From Simple English Wikipedia, the free encyclopedia

A haplotype is a term in genetics. It is short for haploid genotype. A haplotype is a collection of specific alleles (particular DNA sequences) in a cluster of tightly-linked genes on a chromosome. A cluster is usually inherited together.[1] Put simply, haplotype is a closely-knit group of genes which a child inherits from one parent.[2]

A second meaning of the term haplotype is a set of single-nucleotide polymorphisms (SNPs) usually found together on a single chromatid (of a chromosome pair). So, finding a few alleles of a haplotype sequence identifies all other sites in its region. Such information is very valuable for investigating the genetics of common diseases.[3][4]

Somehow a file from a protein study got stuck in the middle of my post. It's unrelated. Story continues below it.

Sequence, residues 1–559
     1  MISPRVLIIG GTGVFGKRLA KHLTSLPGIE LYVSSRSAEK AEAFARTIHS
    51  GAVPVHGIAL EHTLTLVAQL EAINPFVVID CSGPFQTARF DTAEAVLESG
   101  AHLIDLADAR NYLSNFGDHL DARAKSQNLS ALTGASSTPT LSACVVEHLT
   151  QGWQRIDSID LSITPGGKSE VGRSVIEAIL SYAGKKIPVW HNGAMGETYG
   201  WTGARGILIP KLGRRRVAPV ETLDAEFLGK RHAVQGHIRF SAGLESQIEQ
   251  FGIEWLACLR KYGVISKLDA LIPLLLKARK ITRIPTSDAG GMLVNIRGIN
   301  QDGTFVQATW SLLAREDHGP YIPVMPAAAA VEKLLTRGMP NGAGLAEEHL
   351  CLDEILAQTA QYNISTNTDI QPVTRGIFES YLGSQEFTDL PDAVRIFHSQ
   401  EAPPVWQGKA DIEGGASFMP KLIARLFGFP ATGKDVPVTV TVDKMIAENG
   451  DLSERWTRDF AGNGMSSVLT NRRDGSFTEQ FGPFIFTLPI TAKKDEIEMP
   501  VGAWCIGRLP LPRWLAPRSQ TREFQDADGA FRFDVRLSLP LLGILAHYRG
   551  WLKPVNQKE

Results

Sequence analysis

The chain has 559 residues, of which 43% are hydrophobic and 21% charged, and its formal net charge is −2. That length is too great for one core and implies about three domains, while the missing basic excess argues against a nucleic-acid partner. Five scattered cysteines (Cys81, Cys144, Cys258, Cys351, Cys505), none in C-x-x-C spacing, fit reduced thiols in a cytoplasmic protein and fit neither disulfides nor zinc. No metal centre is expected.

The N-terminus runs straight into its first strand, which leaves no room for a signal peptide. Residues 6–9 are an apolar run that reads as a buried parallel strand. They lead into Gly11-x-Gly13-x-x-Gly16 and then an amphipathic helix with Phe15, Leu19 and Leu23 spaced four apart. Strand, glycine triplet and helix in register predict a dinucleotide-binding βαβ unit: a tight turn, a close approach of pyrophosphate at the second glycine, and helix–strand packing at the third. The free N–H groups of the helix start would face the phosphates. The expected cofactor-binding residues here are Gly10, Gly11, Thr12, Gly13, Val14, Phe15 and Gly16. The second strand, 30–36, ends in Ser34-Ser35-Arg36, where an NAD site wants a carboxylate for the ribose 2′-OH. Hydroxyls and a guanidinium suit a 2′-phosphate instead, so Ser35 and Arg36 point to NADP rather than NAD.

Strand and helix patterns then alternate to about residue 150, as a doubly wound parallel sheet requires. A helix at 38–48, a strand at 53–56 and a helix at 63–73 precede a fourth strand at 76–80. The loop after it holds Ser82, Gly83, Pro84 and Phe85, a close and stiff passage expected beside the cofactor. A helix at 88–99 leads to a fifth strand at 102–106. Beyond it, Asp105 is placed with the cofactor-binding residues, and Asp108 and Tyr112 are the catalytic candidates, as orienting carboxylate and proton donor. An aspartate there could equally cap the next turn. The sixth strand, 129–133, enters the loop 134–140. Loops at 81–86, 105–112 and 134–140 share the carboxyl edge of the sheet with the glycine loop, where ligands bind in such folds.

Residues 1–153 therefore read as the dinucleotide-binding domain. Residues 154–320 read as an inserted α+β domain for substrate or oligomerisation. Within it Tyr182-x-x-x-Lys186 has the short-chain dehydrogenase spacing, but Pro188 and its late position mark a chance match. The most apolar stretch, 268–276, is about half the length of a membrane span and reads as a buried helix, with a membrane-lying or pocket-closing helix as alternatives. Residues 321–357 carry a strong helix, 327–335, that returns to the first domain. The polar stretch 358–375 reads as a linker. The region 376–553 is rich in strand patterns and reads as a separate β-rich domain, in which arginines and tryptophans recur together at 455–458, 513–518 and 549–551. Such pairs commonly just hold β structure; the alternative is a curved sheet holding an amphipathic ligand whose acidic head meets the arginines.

Comparing haplotypes of two or more people shows the degree of genetic relationship between their respective lines. It is done in genetic genealogy projects.[5]

References[change | change source]

  1. Kimball's Biology Pages Archived 2015-02-13 at the Wayback Machine (Creative Commons Attribution 3.0)
  2. SciTable: haplotype / haplotypes [1]
  3. The International HapMap Consortium (2003). "The International HapMap Project" (PDF). Nature. 426 (6968): 789–796. Bibcode:2003Natur.426..789G. doi:10.1038/nature02168. hdl:2027.42/62838. PMID 14685227. S2CID 4387110.
  4. The International HapMap Consortium (2005). "A haplotype map of the human genome" (PDF). Nature. 437 (7063): 1299–1320. Bibcode:2005Natur.437.1299T. doi:10.1038/nature04226. PMC 1880871. PMID 16255080.
  5. Haplotype versus haplogroup — the difference between haplogroup & haplotype explained.